The two clubs are actively seeking moves away from their respective homes, as their relatively small capacity in comparison to other big clubs is seeing them lose millions in potential revenue.
Liverpool’s great rivals Manchester United receive £60 million more than them in annual match day revenue.
There has been a history of failed groundshare attempts between the two. Talks broke down in 2008 after Everton could not afford their half of the costs, and any subsequent proposal in which Everton were not equal partners was immediately quashed by Everton chairman Bill Kenwright.
After fans strongly opposed the prospect of a groundshare with their fierce local rivals, Werner has reassured them it is no longer an option.
“We have been told countless times by our supporters that they have no desire for us to share a stadium and we have listened to that,” Werner told The Telegraph.
“Our supporters are not for it, therefore it is a dead issue. I have said before you can never say it will never be raised again, but although there are obstacles on Anfield redevelopment and on the issue of naming rights, I believe they are surmountable.
Werner revealed owner John W Henry had visited the Allianz Arena in Germany, a ground shared by Bayern Munich and 1860 Munich, to see how the arrangement worked.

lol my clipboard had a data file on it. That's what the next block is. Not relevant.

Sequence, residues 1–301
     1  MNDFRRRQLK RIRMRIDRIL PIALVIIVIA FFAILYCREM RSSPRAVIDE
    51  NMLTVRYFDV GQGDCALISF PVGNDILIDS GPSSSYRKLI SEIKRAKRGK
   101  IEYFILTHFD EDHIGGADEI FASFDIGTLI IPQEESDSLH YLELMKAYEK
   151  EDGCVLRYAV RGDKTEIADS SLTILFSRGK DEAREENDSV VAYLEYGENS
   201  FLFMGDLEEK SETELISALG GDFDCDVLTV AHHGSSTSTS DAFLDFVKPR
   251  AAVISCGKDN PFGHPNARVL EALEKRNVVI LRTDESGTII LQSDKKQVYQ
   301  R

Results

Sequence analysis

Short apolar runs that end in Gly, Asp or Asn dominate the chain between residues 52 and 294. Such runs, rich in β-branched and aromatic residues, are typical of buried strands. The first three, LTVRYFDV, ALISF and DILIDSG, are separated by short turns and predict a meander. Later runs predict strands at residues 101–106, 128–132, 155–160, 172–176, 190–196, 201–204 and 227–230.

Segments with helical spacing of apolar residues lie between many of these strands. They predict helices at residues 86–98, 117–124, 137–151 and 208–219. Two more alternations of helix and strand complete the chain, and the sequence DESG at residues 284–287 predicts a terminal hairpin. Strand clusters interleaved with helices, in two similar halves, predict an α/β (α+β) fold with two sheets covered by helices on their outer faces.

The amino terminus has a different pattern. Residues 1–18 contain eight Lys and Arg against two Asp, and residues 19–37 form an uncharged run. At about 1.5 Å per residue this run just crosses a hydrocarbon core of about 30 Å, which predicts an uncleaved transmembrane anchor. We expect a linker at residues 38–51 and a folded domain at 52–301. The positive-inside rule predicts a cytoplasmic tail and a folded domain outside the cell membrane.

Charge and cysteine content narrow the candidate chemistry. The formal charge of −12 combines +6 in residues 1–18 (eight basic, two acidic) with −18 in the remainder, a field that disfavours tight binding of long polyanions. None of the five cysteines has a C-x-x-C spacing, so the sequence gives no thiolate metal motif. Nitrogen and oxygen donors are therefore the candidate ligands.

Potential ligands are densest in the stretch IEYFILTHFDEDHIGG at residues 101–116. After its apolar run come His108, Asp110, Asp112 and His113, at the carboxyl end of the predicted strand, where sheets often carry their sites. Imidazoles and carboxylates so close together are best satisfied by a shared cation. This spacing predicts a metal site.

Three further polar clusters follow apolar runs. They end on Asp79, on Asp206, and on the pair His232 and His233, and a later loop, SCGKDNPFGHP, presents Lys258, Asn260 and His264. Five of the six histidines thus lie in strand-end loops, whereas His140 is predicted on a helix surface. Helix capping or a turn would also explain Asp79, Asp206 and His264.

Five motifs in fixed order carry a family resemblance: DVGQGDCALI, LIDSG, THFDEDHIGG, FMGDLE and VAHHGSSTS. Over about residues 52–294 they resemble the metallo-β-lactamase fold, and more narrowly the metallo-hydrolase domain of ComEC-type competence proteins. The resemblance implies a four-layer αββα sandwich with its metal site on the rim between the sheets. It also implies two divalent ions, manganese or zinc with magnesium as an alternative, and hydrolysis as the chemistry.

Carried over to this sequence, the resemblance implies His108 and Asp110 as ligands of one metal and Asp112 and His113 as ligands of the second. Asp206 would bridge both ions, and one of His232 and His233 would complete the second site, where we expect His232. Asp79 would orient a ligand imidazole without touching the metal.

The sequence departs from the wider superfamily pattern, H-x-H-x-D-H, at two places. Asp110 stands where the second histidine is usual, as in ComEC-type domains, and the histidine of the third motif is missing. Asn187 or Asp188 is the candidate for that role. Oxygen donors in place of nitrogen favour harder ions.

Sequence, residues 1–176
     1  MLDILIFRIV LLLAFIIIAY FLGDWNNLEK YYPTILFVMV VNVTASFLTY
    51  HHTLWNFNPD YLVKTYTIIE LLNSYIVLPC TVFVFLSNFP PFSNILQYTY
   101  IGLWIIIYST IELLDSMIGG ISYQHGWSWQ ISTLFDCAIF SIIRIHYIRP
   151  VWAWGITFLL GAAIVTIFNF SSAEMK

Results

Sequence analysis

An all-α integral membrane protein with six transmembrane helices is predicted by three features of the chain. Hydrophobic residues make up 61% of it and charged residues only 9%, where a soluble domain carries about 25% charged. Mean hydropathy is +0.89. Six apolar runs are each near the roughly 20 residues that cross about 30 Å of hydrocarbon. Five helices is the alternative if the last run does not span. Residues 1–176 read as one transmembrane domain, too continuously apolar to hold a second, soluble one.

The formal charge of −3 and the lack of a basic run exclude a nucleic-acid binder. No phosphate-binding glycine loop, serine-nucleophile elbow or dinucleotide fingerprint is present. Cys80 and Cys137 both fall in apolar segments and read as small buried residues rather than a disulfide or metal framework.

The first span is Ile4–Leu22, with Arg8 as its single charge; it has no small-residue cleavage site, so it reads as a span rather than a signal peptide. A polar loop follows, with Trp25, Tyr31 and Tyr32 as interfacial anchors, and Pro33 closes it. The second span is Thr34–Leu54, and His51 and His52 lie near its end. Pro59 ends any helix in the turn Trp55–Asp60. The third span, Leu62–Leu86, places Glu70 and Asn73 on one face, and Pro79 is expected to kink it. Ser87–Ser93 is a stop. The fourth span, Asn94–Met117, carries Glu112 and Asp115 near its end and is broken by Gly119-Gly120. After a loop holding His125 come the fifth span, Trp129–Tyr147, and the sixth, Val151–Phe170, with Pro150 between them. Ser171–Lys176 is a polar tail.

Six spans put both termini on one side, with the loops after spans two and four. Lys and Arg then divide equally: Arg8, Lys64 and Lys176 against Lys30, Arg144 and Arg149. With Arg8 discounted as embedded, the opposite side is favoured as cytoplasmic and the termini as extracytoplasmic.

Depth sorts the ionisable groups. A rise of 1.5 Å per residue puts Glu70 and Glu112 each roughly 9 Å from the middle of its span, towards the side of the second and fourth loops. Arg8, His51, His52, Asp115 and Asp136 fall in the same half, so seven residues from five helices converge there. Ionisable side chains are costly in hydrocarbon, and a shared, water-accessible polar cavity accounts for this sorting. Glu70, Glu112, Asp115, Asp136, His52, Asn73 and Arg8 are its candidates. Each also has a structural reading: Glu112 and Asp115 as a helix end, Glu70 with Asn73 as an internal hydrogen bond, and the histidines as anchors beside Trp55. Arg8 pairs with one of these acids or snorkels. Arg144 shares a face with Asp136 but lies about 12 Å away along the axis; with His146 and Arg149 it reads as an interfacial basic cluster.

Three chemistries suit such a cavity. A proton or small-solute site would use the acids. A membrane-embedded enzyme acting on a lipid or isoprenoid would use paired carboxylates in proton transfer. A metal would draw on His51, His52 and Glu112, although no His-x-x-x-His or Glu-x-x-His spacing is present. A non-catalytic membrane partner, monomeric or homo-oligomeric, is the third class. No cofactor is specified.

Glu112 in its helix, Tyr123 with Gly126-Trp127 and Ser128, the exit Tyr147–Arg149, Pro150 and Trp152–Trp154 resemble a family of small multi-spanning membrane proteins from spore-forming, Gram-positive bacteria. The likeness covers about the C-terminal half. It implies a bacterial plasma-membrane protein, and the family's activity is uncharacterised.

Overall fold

He continued: “John visited the Allianz Arena recently as part of his education in European football generally.
“We are learning more and educating ourselves every day.
“You are aware of the matchday revenue figures for Europe and the Premier League’s biggest clubs and we need to find the solution to bridge this gap.
“When you analyse those figures you see the importance of us raising revenues globally through a variety of means, including through our TV channel which presents many possibilities given the club’s worldwide popularity. It is vitally important we keep up with up with what our rivals are doing so we are challenging in the future.
“We have played at Anfield for a long time and we have not given up on that continuing but the other option remains. If we are going to spend upwards of £300 million on a new stadium, it is a fair assumption to say we will be assessing other designs other than the Hicks Stadium. Far from downhearted, I am very encouraged about the possibilities.
“What the supporters want most is a winning club and that is something we are in the process of improving.”